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Everything Bad Is Good for You: How Today’s Popular Culture Is Actually Making Us Smarter


reviewed by Anthony Cocciolo - 2006

coverTitle: Everything Bad Is Good for You: How Today’s Popular Culture Is Actually Making Us Smarter
Author(s): Steven Johnson
Publisher: Riverhead Books, New York
ISBN: 1573223077, Pages: 238, Year: 2005
Search for book at Amazon.com


I was piping WNYC public radio into my office on an early morning in May, funneling down my Starbucks coffee and situating myself for the long day ahead.  In the background, Brian Lehrer--the comforting radio voice synonymous with my daily ritual--was conversing with a brisk sounding gentleman.  This chatty gentleman had written a book with an intriguing but troubling premise: today’s popular culture is actually making us smarter!  Realizing the book’s author was Steven Johnson, who had written, Emergence: The Connected Lives of Ants, Brains, Cities, and Software, I was compelled to pick up a copy.  


Although no stranger to modern media (I have admittedly spent more than one evening watching The Apprentice.), I have remained skeptical of its influences.  Perhaps the horrors of flipping through channels and accidentally landing on Fear Factor predisposed me to hesitation.  Or conceivably the ghosts of Adorno and Marcuse were unduly influencing me, lightly whispering into my ear the woes of commodity fetishism and the ways modern media reek havoc on the self.  Not ready to abandon subjectivity, and finding the life of the schizophrenic without reward, I have remained incredulous while engrossed in Strip Search.  But what if this was my opportunity to shed my liberal reservations and jump headlong into the media abyss?  Maybe this was the postmodern sublime, and all I had to do was relinquish control and allow Johnson to guide me through the chaos.  I hopped over to the bookstore with heightened expectation.

 

So what does Johnson have to say?  He argues that popular culture has become, on average, increasingly complex over the past thirty years.  Integrating this richer culture places heightened cognitive demands on its consumers, resulting in enhanced IQ scores and problem-solving capacities.  Johnson terms the irony of not having recognized the cognitive benefits of popular culture the Sleeper Curve, borrowed from Woody Allen’s mock sci-fi film, “where a team of scientists from 2173 are astounded that twentieth-century society failed to grasp the nutritional merits of cream pies and hot fudge” (p. xiv).  Like Allen’s cream pies and hot fudge, video games and television “turn out to be nutritional after all” (p. 9).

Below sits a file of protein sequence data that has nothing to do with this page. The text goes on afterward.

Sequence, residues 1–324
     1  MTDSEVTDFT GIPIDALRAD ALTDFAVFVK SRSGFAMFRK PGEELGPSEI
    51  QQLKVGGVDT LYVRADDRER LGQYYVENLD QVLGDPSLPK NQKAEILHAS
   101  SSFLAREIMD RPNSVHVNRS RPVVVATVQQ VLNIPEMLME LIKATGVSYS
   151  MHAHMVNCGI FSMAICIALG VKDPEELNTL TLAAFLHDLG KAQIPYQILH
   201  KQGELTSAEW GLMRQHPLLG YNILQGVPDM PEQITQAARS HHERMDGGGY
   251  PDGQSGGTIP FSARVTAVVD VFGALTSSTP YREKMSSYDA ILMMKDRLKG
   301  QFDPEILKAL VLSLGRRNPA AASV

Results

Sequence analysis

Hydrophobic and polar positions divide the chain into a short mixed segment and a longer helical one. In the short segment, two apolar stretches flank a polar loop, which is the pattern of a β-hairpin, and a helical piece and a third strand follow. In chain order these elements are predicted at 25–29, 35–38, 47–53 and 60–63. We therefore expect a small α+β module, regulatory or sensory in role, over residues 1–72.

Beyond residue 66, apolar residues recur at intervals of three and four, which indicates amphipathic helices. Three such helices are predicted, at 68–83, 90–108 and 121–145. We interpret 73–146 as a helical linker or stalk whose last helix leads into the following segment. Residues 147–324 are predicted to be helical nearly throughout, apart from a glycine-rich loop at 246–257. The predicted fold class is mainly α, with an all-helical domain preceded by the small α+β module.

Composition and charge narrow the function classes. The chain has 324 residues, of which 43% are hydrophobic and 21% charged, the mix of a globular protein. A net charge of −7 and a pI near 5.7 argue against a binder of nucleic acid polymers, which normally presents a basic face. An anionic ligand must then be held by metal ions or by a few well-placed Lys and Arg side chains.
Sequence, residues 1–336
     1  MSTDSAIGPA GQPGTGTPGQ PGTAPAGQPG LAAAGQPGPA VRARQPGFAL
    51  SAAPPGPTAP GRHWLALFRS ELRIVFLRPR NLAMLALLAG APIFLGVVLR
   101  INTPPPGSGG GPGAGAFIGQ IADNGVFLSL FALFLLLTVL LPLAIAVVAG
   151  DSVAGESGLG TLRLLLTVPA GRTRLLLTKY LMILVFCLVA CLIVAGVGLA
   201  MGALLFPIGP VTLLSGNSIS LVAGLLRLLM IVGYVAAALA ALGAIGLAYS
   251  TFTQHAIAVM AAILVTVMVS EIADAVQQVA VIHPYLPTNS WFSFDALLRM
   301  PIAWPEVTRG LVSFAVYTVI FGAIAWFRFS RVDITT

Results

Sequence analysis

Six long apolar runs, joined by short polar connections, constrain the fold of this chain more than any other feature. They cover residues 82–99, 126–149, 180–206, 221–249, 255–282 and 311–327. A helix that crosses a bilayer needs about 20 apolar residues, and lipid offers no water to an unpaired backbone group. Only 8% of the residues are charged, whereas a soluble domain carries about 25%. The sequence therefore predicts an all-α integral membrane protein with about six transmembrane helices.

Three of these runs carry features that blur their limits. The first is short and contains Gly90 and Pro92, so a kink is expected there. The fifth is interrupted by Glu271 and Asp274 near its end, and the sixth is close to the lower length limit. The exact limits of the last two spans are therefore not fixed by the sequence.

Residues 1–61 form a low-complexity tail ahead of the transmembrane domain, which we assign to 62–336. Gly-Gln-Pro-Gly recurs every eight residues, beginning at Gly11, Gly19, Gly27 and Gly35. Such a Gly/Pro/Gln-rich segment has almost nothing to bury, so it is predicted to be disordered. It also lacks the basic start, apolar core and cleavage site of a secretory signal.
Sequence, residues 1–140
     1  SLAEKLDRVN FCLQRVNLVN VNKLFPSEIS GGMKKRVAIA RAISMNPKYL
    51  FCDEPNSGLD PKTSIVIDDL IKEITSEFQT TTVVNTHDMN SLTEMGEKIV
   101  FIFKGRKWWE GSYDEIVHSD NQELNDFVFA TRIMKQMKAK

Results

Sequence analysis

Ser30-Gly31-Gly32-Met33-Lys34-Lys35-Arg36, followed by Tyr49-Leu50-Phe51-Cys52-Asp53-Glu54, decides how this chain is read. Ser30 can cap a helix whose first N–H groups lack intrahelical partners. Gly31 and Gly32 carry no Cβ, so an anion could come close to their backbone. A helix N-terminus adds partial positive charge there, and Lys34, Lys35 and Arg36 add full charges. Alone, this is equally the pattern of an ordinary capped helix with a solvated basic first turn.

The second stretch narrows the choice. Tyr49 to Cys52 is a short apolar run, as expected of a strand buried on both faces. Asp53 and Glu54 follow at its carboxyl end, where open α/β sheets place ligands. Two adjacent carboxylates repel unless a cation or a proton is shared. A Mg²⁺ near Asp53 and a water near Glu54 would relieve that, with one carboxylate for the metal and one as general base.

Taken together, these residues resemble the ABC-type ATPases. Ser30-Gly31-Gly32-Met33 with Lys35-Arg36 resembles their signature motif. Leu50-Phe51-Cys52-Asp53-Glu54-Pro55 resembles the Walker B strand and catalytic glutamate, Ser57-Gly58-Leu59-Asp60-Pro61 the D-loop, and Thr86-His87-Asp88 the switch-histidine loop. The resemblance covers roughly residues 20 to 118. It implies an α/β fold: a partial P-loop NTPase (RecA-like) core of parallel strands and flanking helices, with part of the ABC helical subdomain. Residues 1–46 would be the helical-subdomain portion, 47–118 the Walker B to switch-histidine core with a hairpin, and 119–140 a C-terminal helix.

How does Johnson substantiate his claim?  He begins by observing video games, noting that it is not flashy graphics or violence that attract, but rather “their ability to tap into the brain’s natural reward circuitry” (p 34).  Using reward as a means of captivation, video games then immerse users in a world demanding constant problem solving, teaching “abstract skills in probability, in pattern recognition, in understanding causal relations…” (p. 59).  Johnson sees playing video games as akin to practicing the scientific method, where hypotheses must be made, experiments undertaken, and results gathered.


Johnson applies a similar logic of heightened complexity to the world of television, finding that dramas like The Sopranos challenge the mind to follow multiple threads and reality shows like The Apprentice demand that we track multiple relationships.  Unlike earlier television programming such as Dragnet or Dallas, which make every plot twist explicit, newer television programs require consumers to fill in the gaps and tolerate “planned ambiguity” (p. 81).  


If we accept that popular culture has increased in complexity, how does Johnson correlate it to increased cognitive ability?  He first introduces the Flynn Effect, which stipulates that IQ scores are growing from one generation to the next.  He then notes that those aspects which are least dependent on formal education, such as the ability to see patterns and complete sequences (the g score on IQ tests), are escalating faster than other aspects tested with IQ assessments.  Hence, “improved education cannot be responsible for the Flynn Effect” (p. 144).  He then concludes  that when “you spend your leisure time interacting with media and technology that forces you to ‘fill in’ and ‘learn forward,’ you’re developing skills that will ultimately translate into higher g scores.” (p. 149)